For the laser cutter I used (a random Chinese brand) there was no need to add margin for the finger joints to fit properly.

I designed three sides of the box (top, side, and front) in f360 and then just removed or added properties to these to make the top/bottom, left/right side and front/back.

Get dxf files here

Step 3: Cutting

Picture of Cutting

If you own a laser cutter you probably know best how to use it and its limits and if you don't own one there are plenty of companies that offer to laser cut pieces for various prices.

I used a laser cutter at my local makerspace to get this job done

What kind of material is also up to whatever you prefer and the capabilities of the laser cutter.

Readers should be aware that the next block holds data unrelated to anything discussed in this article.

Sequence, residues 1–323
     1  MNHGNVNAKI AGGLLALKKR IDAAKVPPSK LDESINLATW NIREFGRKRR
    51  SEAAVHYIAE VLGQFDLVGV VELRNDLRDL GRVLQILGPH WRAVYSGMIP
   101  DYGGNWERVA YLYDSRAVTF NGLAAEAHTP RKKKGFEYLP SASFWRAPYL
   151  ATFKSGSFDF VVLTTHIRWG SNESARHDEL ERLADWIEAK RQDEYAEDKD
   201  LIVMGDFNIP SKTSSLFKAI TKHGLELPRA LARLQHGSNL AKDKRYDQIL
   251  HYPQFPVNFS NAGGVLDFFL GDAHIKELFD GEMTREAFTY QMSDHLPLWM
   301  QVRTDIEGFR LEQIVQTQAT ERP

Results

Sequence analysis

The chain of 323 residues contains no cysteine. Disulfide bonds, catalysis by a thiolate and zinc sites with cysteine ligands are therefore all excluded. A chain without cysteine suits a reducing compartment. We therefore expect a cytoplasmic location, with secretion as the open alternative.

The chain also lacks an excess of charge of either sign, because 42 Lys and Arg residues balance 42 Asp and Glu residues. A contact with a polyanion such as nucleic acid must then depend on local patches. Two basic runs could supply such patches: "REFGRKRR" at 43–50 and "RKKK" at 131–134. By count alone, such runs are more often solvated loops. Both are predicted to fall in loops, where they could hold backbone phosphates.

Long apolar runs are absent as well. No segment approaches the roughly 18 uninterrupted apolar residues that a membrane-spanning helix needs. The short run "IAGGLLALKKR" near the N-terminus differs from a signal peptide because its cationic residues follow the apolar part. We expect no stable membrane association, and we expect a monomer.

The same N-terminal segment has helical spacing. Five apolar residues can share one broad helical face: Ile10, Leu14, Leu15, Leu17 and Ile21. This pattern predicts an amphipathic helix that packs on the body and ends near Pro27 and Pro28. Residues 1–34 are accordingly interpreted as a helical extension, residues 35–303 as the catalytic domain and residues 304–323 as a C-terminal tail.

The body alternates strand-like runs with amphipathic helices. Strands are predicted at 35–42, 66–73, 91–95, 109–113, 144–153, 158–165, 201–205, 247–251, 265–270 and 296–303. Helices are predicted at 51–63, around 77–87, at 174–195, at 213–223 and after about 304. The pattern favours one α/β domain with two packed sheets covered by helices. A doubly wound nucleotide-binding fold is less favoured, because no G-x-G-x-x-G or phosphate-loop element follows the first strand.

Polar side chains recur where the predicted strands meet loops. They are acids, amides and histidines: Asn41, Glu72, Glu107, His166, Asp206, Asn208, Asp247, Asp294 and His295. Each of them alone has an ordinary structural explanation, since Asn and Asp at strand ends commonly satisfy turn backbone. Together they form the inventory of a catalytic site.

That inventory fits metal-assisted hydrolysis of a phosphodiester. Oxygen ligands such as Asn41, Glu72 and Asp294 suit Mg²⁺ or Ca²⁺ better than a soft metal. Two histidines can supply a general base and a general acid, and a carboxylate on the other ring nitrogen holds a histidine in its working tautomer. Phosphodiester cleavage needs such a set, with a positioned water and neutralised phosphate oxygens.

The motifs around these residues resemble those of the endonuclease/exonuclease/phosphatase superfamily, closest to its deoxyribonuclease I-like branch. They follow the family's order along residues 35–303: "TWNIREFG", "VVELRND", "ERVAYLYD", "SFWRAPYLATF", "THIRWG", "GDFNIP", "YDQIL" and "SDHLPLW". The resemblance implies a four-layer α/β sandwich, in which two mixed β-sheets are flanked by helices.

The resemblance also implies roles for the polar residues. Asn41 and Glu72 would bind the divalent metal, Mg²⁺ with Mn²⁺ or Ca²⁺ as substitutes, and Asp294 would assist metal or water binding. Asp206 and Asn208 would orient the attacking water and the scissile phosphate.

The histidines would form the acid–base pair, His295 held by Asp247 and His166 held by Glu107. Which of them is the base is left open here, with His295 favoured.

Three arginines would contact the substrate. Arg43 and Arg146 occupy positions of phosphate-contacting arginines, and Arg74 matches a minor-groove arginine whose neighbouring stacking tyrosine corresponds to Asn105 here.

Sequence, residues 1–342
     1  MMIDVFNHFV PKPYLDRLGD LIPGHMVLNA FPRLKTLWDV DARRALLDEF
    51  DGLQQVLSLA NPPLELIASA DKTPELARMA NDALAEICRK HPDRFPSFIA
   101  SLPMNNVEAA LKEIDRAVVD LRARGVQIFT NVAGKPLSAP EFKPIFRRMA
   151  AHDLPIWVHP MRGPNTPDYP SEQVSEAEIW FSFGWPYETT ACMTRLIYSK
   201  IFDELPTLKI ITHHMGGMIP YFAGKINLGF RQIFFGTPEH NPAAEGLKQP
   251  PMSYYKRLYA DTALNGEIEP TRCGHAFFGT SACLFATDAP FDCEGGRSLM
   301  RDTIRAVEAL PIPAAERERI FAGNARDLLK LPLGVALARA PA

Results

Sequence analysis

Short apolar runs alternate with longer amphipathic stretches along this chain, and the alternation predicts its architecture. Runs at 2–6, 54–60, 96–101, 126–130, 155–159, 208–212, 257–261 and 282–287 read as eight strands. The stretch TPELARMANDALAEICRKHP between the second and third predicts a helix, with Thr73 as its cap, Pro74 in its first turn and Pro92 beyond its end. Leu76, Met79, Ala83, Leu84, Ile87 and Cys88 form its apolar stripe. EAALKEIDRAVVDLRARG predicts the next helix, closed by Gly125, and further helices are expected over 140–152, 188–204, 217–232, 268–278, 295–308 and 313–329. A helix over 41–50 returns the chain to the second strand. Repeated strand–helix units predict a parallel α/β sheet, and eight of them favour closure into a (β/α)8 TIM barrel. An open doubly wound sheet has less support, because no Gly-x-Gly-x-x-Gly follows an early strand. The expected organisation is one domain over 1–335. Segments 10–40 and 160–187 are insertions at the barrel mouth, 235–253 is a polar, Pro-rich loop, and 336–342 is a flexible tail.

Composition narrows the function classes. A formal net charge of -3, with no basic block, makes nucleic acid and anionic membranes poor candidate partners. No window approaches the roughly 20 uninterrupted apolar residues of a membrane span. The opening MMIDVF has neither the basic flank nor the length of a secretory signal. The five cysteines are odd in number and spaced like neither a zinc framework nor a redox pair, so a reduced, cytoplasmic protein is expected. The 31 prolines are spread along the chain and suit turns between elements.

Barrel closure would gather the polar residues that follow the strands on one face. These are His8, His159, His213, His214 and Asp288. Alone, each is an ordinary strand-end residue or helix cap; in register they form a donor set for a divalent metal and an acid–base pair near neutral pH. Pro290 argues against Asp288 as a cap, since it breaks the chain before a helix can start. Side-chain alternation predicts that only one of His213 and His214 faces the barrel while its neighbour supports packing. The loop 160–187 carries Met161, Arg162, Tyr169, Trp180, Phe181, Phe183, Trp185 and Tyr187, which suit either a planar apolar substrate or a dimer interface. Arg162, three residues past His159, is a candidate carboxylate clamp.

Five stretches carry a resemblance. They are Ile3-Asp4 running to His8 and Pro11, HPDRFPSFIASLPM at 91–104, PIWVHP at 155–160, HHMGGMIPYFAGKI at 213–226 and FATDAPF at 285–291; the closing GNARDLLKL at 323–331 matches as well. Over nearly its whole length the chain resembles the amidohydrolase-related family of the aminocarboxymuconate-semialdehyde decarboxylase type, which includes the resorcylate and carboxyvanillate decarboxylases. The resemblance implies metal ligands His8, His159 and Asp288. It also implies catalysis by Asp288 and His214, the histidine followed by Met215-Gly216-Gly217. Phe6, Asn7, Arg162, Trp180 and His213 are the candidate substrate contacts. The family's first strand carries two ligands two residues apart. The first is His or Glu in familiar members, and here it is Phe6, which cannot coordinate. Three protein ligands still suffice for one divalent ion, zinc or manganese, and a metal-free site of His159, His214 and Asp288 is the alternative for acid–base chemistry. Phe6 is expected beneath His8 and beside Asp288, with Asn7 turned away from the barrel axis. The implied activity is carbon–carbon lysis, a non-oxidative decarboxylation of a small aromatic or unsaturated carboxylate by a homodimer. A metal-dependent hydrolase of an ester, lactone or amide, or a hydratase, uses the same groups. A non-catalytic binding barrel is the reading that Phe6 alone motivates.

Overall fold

Step 4: Assembly and Wiring

Picture of Assembly and Wiring

The simplest kind of fume extractor is just to connect the red and black wires of the fans to the dc connector and supply 12V DC whenever you wish to turn it on.

Upgrading it a bit to next level you can instead use battery for mobility. Since I used 18650 battery I connected it to a boost converter to ramp up the voltage from 4V to the 12V needed to run the fans.

Adding a power switch in between enables you to turn on/off the fans without having to remove the batteries.

For my fume extractor I wanted the best of both worlds meaning the ability to connect a DC source if I had one and using the batteries if I didn't. This required some rewiring and a double pole switch to be able to switch between batteries and DC jack to avoid connecting them together.

See schematic for instructions on how to wire everything.

Finally use hot glue to assemble the box.

Step 5: Improvements

Picture of Improvements

As with some (all) of my creations I'm kind and generous enough to leave some room for improvements and this is no exception.